There are several things you can do if you receive a notice. Calm down and read it carefully. Not all IRS notices relate to tax audits.
Getting a notice from the IRS can be upsetting. You've filed your taxes and would like to close that chapter, at least for a year. There are several things you can do if you receive a notice. Calm down and read it carefully. Not all IRS notices relate to tax audits.
About the notice
The notice or letter states the reason it was sent, its purpose, and instructions on how to respond. Normally there is a specific issue related to your account or tax return. The notice could be to inform you of additional tax you owe, that your refund is larger than originally reported, or to request additional information about your tax return.
On the upper right hand corner is a notice number. This number also prints on the lower left hand side of the tear-off stub included with the notice or letter. The IRS website has a table explaining each type of notice by number (see Resources). Match your letter's number with the number in the table to get more information. Though the contents may vary slightly based on the individual case, notices with the same number have the same basic purpose.
What to do
You generally have 30 days to respond to an IRS notice, so there's no reason to ignore it. Always check which tax year the notice relates to. Do not assume that it relates to your most recent tax return.
Follow the instructions. It may request more information or ask a specific question. If it's a minor issue and you are confident of the facts, you can respond to the notice yourself. But sometimes, you may need to seek help from a tax professional. The IRS says in its article "Eight Things to Know if You Receive an IRS Notice" that "most correspondence can be handled without calling or visiting an IRS office."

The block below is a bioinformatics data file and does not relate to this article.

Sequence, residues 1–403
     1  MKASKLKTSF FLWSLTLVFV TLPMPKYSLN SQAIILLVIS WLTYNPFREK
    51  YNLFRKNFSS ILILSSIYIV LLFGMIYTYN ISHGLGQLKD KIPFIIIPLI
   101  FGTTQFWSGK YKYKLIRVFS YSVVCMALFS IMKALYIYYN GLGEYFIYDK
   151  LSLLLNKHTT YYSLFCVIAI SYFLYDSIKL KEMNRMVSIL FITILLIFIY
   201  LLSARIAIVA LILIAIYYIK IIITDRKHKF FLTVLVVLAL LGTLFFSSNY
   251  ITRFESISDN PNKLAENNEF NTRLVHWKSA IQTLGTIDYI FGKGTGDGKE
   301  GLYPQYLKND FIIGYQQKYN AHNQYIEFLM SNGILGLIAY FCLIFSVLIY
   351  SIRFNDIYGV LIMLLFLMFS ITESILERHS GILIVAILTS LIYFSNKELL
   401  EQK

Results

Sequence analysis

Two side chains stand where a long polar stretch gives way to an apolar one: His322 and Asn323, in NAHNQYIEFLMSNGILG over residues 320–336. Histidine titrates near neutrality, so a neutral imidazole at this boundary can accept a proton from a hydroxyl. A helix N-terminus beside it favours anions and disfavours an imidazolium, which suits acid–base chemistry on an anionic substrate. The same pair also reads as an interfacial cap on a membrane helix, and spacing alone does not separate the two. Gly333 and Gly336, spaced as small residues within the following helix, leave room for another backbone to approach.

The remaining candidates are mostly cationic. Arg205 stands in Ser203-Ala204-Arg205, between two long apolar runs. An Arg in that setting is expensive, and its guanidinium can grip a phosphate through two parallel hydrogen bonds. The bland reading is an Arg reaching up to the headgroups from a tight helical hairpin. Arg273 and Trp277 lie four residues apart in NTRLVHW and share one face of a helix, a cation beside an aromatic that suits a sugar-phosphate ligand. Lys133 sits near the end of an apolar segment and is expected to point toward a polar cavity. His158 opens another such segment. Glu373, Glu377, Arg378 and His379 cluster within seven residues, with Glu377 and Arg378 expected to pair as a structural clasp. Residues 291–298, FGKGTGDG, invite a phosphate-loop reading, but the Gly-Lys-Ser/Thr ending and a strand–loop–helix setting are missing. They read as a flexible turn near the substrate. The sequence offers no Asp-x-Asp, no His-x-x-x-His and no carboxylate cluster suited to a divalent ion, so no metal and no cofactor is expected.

If you filed the tax return with TurboTax, you can take advantage of our free audit support options. Our Audit Support Center walks you step-by-step through responding to an IRS notice.
If you agree with the correction notice
If you make a mistake on your tax return, you may receive a correction notice or an unreported income notice. Compare the IRS adjustments with the information on your tax return. If you agree with the adjustments, you can generally reply to the IRS with a check or money order for the additional taxes due. Write the reference number on the check and send it with the voucher the IRS provides with your notice.
If you do not agree with the correction notice
If you do not agree with the notice, then respond as soon as possible with a written explanation. Explain your reasons for disagreeing and enclose copies of all relevant documents. Mail it to the address on the top left corner, along with the tear-off stub for reference. Start a new folder and keep all correspondence in one place (including copies of your responses to the IRS) for ease of reference. Allow at least one month for the response.
The important thing is to respond—ignoring notices will get you nowhere and could result in additional penalties down the line.
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